The Incredible Hulk #1 was better than I expected. Not having read the book in years, I missed out on and don’t understand most of the Red Hulk stuff or what mental state Bruce Banner and the Hulk are in these days. I therefore expected to be confused, but wasn’t, though I’m sure it helped that I recognized the Mole Man’s underground minions. Writer Jason Aaron did a good of job of putting it all together and making sure there was some actual action in a first issue. The art by Marc Silvestri et. al was quite good — definitely Silvestri’s distinctive style but amped up with some nice detail that came through quite well in the inks and was well-complemented by Sunny Gho’s colors. That said, I”m not interested enough in the Hulk to make this a regular read at $3.99 a pop.
Tag: The Last of the Greats
Daredevil #5 is another terrific issue from Mark Waid and Marcos Martin. This reads very, very smoothly and is clear enough that I think the average reader could pick it up and understand pretty much the whole thing. It looks incredible, too. Martin and colorist Javier Rodriguez deserve very high marks for making such a great-looking book.
Cold War #1 is a new, period espionage thriller from John Byrne that I was mildly disappointed with because I thought Byrne had done such a great job on the revived Next Men series. This isn’t quite as good as that, as it’s just a bit too restrained and dated. The dated part is on purpose, as though this is a series Byrne has wanted to do for decades, i.e., a time when this kind of thing would have been much more relevant. It’s still a nice modern Byrne comic, though, with solid art and decent storytelling. It just doesn’t have the kind of zip that a book like this should have.
The Last of the Greats #1 by Joshua Hale Fialkov and Brent Peebles is for me a tough one. I like the concept, which is that seven alien beings came to Earth and used their powers to solve many of mankind’s problems in return for demanding control and fealty from the people of Earth. People then turned on them, and all but one were killed. The issue begins with six humans coming to the last of these aliens, dubbed the “Greats,” and asking for his help with a fairly big problem. But I think the execution is talky and exposition heavy, and think this could have been much more compelling by show more than telling.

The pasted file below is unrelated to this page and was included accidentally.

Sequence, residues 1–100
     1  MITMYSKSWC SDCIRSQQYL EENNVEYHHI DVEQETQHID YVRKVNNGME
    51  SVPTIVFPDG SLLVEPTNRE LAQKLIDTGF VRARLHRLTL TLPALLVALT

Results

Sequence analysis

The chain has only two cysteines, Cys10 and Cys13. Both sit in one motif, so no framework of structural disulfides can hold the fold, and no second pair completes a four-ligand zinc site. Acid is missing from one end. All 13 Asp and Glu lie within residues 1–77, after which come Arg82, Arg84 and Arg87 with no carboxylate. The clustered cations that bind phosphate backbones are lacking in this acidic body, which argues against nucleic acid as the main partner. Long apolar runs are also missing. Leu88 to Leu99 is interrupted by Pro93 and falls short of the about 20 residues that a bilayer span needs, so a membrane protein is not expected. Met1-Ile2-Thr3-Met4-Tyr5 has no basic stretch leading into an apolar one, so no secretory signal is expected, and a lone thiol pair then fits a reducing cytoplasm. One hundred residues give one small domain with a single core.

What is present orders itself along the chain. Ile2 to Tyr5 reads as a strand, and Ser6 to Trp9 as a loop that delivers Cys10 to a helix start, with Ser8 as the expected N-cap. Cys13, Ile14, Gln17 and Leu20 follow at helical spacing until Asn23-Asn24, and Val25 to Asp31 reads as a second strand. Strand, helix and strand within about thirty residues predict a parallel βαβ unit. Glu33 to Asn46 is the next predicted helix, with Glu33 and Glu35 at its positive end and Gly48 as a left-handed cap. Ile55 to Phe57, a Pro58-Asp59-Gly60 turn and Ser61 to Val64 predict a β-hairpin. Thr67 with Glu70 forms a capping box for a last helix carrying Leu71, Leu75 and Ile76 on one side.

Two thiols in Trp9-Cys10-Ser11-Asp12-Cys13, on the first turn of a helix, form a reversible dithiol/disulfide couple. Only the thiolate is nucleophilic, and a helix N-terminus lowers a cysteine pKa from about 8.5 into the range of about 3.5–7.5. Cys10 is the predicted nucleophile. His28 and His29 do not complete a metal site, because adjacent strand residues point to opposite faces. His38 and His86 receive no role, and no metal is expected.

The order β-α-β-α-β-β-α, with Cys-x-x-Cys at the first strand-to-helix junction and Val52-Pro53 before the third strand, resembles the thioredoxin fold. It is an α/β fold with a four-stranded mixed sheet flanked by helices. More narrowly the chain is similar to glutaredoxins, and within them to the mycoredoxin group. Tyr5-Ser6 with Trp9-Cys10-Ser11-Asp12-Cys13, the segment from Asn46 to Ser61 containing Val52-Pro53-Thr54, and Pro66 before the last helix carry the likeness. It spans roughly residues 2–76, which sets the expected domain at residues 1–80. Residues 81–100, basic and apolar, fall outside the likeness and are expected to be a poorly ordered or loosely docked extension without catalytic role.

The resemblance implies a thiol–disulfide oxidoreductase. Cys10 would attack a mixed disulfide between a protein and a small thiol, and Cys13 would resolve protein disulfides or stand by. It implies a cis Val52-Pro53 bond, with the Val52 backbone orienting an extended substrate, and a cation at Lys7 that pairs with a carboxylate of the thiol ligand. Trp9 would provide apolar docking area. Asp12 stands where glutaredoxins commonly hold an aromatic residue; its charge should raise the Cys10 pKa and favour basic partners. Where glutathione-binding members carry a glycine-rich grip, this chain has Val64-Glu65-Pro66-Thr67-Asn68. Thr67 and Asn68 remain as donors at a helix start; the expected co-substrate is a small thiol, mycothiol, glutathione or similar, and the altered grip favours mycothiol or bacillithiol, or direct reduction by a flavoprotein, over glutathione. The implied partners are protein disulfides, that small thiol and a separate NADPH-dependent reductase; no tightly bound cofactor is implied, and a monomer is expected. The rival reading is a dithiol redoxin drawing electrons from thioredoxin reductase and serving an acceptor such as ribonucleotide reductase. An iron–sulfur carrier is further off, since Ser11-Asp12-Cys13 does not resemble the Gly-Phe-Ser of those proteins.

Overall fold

On to the DC relaunch books, Aquaman #2 was about the same as the first issue — a story that’s slick and commercial if not particularly deep — but it was the cover that struck me the most. My first thought was it was a recolored version of the cover to Star Wars #64, my least-favorite issue from the original Marvel series. It’s close enough to be an homage — or a swipe if you’re so inclined — but it’s far too distracting for me and I don’t know I will remember much else about this particular issue.
Justice League has been getting better with each issue and #3 is the best yet. Finally, we get to meet Wonder Woman, and she both charms and kicks ass. The action kicks into high gear with a huge invasion from Darkseid’s minions, while writer Geoff Johns delivers a nice chunk of the ongoing Cyborg origin subplot. It’s interesting to note the ways in which Jim Lee’s art has evolved as well as the ways its stayed the same. The finale’s introduction of Aquaman gives him a hairstyle, facial hair and costume straight out of 1996. Some other details, like the cops on the first page also look a bit dated. But the way Lee draws his heroic figures — both men and women — has improved tremendously from his days on The Uncanny X-Men, with anatomy and posing that’s overall more realistic and more solid looking. Wonder Woman here is a far cry from the somewhat plastic looking sexy Psylocke from way back in the day. Anyway, issue #4 looks like it’s going to be a barn-burner.
That’s only a fraction of the stack I’m looking to get through, so I may just stay up late and read funny books until my eyes pop out of my head to get a look at more New 52, the Fear Itself epilogues and more X-Men: Regenesis.